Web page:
Fat Disorders Resource Society (They have some great brochures you can order from their website that are good to have on hand if you ever find yourself in a conversation about lipedema.)

Here’s a sample message or email that you can send your healthcare providers:

“Hi Dr. Smith,
I have scheduled an appointment to speak to you next week. I would like to discuss my suspicions that I have a medical condition called lipedema. I have learned that many healthcare providers know very little about it or have never even heard of it, so I wanted to reach out to you before my appointment so that you would have time to research it if needed. Here are some great resources of information: The Lipedema Standard of Care, Lipedema Foundation, and Fat Disorders Resource Society. This discussion is very important to me, so I hope that you’ll have time to look into this before our appointment. Here are the reasons that I believe that I may have lipedema:

  1. My bottom half has always been disproportionately larger than my top half.
  2. My legs are very tender to touch.
  3. When I’ve lost weight in the past, there is always very little change in my legs.
  4. I have ankle cuffing and a “column-like” appearance to my legs as described in lipedema.
  5. My legs get tired and very heavy all the time.
I appreciate you taking the time to look into this and look forward to our discussion next week.”

It’s always a good idea to let your healthcare providers know ahead of time that you want to talk about this. They are typically very busy and don’t have time to stop and do this research at any given moment. Your healthcare providers will be grateful that you gave them the information and the time to do their research before the appointment.

Now, of course, it’s possible they won’t get your message or have time or desire to do any research before your appointment. You may not have had a chance to give them the heads-up before your appointment.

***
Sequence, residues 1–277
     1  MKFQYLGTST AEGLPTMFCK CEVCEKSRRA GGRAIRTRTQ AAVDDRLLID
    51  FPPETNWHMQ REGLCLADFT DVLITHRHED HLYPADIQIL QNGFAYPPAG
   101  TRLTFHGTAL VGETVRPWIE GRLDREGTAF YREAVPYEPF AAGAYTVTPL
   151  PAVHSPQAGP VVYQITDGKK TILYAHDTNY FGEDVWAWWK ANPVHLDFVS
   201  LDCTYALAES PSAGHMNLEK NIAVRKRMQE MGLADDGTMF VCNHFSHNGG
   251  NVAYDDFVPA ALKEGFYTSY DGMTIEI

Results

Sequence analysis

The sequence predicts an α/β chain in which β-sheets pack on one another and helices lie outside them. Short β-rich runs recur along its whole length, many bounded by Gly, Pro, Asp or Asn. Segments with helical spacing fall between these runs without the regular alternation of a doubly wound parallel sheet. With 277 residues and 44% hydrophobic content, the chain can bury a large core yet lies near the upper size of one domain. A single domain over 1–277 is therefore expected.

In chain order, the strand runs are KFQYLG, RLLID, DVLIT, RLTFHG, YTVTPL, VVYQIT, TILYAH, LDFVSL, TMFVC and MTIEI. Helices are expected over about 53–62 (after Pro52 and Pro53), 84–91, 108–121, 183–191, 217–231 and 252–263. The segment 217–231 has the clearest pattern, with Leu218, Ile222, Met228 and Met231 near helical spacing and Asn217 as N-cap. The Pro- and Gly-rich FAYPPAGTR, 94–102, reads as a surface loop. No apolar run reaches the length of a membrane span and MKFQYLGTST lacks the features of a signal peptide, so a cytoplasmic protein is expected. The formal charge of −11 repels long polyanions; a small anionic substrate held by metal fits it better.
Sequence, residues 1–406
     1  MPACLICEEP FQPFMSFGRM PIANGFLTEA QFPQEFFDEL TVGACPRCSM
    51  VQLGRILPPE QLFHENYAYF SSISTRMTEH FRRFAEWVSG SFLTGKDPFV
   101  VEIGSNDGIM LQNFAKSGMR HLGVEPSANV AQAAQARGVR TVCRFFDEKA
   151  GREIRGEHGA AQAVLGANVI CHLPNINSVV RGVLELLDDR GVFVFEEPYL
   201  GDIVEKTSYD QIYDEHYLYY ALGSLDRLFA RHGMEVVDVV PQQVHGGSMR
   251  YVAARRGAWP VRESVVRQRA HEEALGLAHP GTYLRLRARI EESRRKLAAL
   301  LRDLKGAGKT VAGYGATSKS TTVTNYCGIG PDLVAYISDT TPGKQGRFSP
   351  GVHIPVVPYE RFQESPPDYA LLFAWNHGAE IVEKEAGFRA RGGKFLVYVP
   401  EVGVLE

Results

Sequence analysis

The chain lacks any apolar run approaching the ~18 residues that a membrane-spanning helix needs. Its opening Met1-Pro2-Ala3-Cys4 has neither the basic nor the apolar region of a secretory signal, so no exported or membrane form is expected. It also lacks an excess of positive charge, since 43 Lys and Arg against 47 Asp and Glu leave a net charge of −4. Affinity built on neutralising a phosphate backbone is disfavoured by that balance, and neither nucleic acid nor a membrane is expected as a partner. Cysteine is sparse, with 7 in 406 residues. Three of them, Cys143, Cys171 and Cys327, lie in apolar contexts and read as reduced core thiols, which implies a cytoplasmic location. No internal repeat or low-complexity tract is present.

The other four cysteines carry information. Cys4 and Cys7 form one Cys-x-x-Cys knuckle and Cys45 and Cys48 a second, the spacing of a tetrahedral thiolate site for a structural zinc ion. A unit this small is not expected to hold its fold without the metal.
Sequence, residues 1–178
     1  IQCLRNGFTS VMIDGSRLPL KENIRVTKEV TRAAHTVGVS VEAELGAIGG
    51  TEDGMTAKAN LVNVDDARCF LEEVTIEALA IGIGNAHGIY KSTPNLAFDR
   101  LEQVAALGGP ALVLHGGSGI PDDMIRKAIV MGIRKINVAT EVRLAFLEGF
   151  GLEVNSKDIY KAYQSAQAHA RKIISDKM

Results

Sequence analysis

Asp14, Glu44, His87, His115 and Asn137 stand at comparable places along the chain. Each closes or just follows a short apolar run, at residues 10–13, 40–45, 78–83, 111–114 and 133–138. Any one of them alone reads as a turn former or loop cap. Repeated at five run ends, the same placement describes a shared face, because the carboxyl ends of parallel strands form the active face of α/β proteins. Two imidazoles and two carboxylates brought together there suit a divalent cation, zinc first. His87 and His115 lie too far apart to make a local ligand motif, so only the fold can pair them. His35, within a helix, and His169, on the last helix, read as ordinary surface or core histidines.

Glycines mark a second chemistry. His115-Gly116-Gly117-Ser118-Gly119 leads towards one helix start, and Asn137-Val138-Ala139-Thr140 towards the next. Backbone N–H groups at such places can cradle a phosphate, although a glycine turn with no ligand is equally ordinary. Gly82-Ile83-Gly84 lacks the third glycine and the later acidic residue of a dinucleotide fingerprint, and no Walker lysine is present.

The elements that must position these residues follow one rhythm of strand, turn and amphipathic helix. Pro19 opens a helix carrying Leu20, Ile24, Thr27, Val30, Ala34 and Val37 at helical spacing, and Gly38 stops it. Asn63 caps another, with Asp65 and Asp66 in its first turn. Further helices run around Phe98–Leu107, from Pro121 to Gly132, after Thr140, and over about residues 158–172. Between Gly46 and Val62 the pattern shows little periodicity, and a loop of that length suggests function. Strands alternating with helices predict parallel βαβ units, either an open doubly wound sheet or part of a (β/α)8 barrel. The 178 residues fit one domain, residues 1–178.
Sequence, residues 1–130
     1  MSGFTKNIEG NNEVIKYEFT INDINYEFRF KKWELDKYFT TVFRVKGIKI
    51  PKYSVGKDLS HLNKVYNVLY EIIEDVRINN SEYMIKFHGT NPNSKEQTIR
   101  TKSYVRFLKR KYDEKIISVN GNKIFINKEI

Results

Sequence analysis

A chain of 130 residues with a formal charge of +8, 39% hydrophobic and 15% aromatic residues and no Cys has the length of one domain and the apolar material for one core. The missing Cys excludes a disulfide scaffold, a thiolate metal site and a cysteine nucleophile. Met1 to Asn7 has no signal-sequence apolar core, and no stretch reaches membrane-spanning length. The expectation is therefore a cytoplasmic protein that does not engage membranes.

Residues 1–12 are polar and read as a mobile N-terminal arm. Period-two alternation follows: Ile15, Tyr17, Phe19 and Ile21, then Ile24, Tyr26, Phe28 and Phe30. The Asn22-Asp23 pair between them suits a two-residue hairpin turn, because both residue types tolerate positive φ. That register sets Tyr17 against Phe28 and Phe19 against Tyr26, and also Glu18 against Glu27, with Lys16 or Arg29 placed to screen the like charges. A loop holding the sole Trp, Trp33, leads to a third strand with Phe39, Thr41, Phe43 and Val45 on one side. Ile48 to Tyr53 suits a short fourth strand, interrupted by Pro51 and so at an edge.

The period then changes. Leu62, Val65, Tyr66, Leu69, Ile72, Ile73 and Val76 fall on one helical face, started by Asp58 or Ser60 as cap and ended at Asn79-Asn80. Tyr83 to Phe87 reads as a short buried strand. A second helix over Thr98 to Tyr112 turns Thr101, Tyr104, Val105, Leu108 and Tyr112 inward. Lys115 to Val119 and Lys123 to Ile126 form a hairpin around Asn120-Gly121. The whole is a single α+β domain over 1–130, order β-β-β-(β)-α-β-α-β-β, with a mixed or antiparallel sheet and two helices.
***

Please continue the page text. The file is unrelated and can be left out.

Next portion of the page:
When you bring up the topic, I highly suggest letting them know that you want to talk about a condition called lipedema. Let them know that you know that some providers don’t believe it’s real or have never heard of it. Tell them you have done your research and why you believe you could have it.

I’m Anxious about How They Will Respond

If you are worried about how your healthcare provider will respond to you, I recommend telling them at the beginning of the discussion.
You could tell them about some of the stories you’ve read about the way that people have been treated by their healthcare providers, which is causing you to be anxious. Most healthcare providers don’t want to be seen as that type of provider and will be more mindful of how they respond.

Again, come armed with as much information as possible…The Lipedema Standard of Care, the Lipedema Foundation brochure mentioned above, photographs, etc. You should have written down why you believe you may have lipedema, specifically noting your symptoms.
If they tell you they don’t know anything about lipedema, ask them to do some research.

If they are flippant, mean, cruel, etc., it’s time to start looking for another healthcare provider. I understand that’s easier said than done, but if it’s possible for you then do it. Your health is too important to stay with a healthcare provider that treats you poorly.

I hope this information is helpful. Just remember that it’s not your healthcare provider’s fault that they were not taught about lipedema in medical school. Arm them with information, allow them the opportunity to learn, and be honest about your feelings. Just as they have a responsibility to listen and be open to learning, we, as patients, have a responsibility to be honest and give them a chance to grow as humans and healers.

Bring an Advocate

It can be really helpful to bring someone with you to the appointment, especially someone you can trust to speak up and advocate for you. If you find it very difficult to advocate for yourself or you find yourself getting overwhelmed and flustered at appointments, having someone else there with you can ensure that you have the best opportunity to be heard and understood. Make sure they understand their role and what you want them to do to help you at the appointment.

How have these conversations gone for you in your journey? Please share your stories in the comments.